China foreign minister to stop at eight nations on Pacific tour


BEIJING (AFP): China's foreign minister will this week kick off a visit to a host of Pacific nations including the Solomon Islands, Beijing confirmed Tuesday (May 24), after the two nations sealed a security pact last month.

Wang Yi's trip comes at a time of heightened United States and Australian concern about China's intentions in the South Pacific.

The trip from Thursday until June 4 is "beneficial to the peace, stability and prosperity of the Asia-Pacific region", Chinese foreign ministry spokesman Wang Wenbin told reporters on Tuesday.

On the trip, Wang Yi (pic) will visit eight countries including the Solomons, Papua New Guinea, Fiji, Kiribati and Samoa, as well as holding video calls with Micronesia and the Cook Islands.

Wang Wenbin said China attached "great importance to developing friendly relations with Pacific island nations" and called the countries "good friends and partners that have equality, mutual benefits and common development".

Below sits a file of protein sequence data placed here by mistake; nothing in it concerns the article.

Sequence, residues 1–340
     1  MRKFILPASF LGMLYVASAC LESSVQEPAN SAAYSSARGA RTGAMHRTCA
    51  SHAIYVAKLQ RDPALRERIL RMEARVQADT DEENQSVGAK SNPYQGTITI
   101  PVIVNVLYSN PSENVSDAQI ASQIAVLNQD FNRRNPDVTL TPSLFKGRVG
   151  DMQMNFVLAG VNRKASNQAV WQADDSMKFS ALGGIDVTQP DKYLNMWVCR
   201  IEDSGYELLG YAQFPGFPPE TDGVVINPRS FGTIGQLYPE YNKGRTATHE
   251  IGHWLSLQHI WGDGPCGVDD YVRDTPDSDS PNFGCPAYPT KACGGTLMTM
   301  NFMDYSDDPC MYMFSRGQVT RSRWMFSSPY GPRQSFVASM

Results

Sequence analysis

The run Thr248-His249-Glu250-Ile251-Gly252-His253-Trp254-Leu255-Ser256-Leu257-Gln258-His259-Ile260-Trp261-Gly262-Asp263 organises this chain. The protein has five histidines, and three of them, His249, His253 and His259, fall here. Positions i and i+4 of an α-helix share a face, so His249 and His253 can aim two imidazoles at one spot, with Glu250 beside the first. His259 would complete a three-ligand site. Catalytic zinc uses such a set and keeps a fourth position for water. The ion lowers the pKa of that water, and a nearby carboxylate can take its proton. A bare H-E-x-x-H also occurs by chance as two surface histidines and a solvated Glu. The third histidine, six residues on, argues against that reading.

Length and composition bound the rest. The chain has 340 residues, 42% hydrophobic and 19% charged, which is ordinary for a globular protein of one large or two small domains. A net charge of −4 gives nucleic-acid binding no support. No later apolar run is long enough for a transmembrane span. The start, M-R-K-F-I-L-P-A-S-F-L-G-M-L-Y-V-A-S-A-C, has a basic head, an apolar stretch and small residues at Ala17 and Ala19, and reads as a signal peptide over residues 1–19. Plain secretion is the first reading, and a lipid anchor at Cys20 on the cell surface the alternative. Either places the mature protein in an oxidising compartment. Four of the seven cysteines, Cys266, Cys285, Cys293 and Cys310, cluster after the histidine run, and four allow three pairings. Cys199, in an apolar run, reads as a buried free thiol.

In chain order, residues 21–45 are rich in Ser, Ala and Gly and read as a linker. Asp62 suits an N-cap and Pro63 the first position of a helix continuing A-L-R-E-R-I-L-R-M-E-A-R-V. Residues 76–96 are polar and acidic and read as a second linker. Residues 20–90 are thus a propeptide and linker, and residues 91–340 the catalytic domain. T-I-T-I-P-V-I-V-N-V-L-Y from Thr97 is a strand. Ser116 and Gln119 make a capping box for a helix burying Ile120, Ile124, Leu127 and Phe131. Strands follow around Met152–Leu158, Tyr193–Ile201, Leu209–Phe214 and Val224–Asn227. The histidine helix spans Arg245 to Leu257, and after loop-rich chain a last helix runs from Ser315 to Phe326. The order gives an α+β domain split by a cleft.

The Solomon Islands government confirmed the China visit in a statement Monday -- the day Australia's Prime Minister Anthony Albanese was sworn in.

Solomons Prime Minister Manasseh Sogavare said the Chinese foreign minister's one-day visit at the head of a nearly 20-strong delegation would be a "milestone" in the two countries' relationship.

The Chinese minister will spend one day in Honiara visiting Sogavare, and hold a joint news conference with foreign minister Jeremiah Manele.

Sogavare said he looked forward to a "productive engagement with Beijing, "an important development partner at a very critical time in our history".

China's foreign minister will sign "a number" of agreements with the Solomons, the statement said, without mentioning the security pact.

Washington and Canberra fear the new security deal -- details of which have not been released -- could lead to China gaining a military foothold in the South Pacific.

An earlier, leaked draft of the China-Solomons security deal included measures that would allow Chinese naval deployments to the Solomon Islands, which lies less than 2,000km (1,200 miles) from Australia.

The Solomon Islands government severed ties with Taiwan in September 2019 in favour of diplomatic relations with China, a switch that unlocked investment but stoked inter-island rivalries.

News of the China visit emerged alongside a meeting of the US, Japanese, Australian and Indian leaders at a "Quad" summit in Tokyo on Tuesday, with the aim of countering China's growing economic and military clout in the region.

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